TIDINGS from my junk mail, 2:
A number of years ago I played with technical analysis of the commodities markets. Never got very far, except to assure myself that I couldn't create any indicators or systems in which I had enough confidence to risk real money. But for a while I had a subscription to a magazine called Technical Analysis of Stocks and Commodities. I dropped it long ago, but once a year about this time they send me a freebie issue with a 'please re-subscribe, we miss you' plea. The issue that arrived today has an article about Warren Buffet, and his precepts.
If you know anything about stock market investing theory, this is sort of like The Nation writing an article in praise of Ayn Rand. 'Technical analysis', which is what the mag is about, is the polar opposite to the 'value investing' that Buffet made his billions on. Warren Buffet, if you didn't know, is one of the most famous, and successful stock market investors of all time.
I guess technical approaches to the market haven't done well over the last year, if a mag about TA is pushing Buffet. Value investors like Buffet do well over the long terms, and weather down markets nicely, but tend to get left behind in roaring bull markets. Buffet got left behind badly in the 90's bubble, but he's had the last laugh over the past year or two, when value players like him have suddenly been doing much better.
They say that no 'one rings a bell' when the market hits a top and it's time to get out. The same is true of market bottoms. 'Timing' the market, picking the right points to pull your money out (because you think the market is about to fall) or put it back in (because you think it is about to rise) is notoriously difficult, even for professional money managers, and probably impossible for casual investors.
Sometimes, though, at least in retrospect, there are signs that the market has gone as far in one direction as it is going to, and can't rise, or fall, any further. The Time magazine cover with a charging bull on it (or a bear in down markets) is a classic. Once even the staff of Time knows we're in a bull market, the bull market is almost over, and it's time for anyone with any market savvy to get out. They say that John Rockefeller used his shoeshine boy as such a 'contrary indicator': when the shoeshine boy started giving Rockefeller market tips, Rockefeller knew it was time for him to get out. Peter Lynch, the legendary stock-picker of the Fidelity Magellan fund, once said that he began to get worried that the market was nearing a top when cab drivers started giving him stock tips, and really started to worry when the stocks they recommended actually went up.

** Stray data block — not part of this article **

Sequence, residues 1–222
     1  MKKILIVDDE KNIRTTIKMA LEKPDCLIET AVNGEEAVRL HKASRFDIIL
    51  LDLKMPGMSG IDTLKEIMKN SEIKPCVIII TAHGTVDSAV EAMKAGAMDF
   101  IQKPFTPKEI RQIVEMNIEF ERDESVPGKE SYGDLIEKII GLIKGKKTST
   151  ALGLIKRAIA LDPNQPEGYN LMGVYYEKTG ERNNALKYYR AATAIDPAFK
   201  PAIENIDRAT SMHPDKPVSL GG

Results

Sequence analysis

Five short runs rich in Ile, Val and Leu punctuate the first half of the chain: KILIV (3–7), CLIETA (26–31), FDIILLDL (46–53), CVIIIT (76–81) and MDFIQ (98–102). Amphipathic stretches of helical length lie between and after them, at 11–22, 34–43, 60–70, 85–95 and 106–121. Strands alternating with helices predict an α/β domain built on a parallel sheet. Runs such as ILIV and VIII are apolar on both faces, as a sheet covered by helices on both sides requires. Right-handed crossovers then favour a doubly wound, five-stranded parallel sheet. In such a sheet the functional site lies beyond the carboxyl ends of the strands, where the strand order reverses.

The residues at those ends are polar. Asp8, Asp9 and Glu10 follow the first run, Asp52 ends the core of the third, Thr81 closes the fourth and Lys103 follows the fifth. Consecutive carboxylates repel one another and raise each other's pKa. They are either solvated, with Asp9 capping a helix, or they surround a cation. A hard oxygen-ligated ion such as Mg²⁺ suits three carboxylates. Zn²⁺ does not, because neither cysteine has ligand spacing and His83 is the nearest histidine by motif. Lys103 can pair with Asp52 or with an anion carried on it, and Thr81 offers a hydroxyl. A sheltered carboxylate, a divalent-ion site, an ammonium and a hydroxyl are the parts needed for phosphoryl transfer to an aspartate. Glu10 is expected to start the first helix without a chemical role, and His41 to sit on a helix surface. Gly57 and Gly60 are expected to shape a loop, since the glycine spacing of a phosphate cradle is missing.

During the last nasty market downturn before the one we're in now, the one in 1990 just before the start of the Gulf War, I remember seeing in ads in Barrons for the 'Scottish Widows and Orphans' fund, supposedly created to service the investing needs of those unfortunates. "Invest with the Scottish Widows!" said the headline. Boy, you couldn't be more conservative than investing like a Scottish widow, could you? What did such an ad mean? That investors were hurt, scared, gun-shy, looking for security rather than performance. During that time, the bears ruled Wall Street. One wildly successful bear hedge fund bought its own private jet, and named it 'Bear Air'.
All of which meant, the market was about to shoot skyward. When everybody is bearish, the bear funds are making out like bandits and a fund that advertises itself to invest in a manner appropriate for Scottish widows, for god's sake, things have gotten as bearish as they're going to, all the risk has been wrung out of the market, and the prudent money can start coming back in, and wait for the inevitable bull market to come.
And come it did, with a vengeance. Of course, this is obvious with hindsight, as most things are. No, I wasn't smart enough to figure this out at the time.
But I wonder. The stock market has sucked badly for the last two years. The TA guys and momentum players (a semi-TA kind of stock analysis) who made fortunes in the Roaring 90's, over the past 18 months have had their clocks cleaned by the value investors like Buffet. Is an article in praise of Buffet and value investing in a magazine whose sole purpose it is to to push the exact opposite approach a contrary indicator? Does this mean that the value players' day is done, at least for the time being, and another roaring bull market is just around the corner? I wonder.
ma(tu) [Hep: ma(tsu)]
meaning: wait, wait for
Matte kudasai == please wait
Nanpun matta?== how many minutes (did you) wait?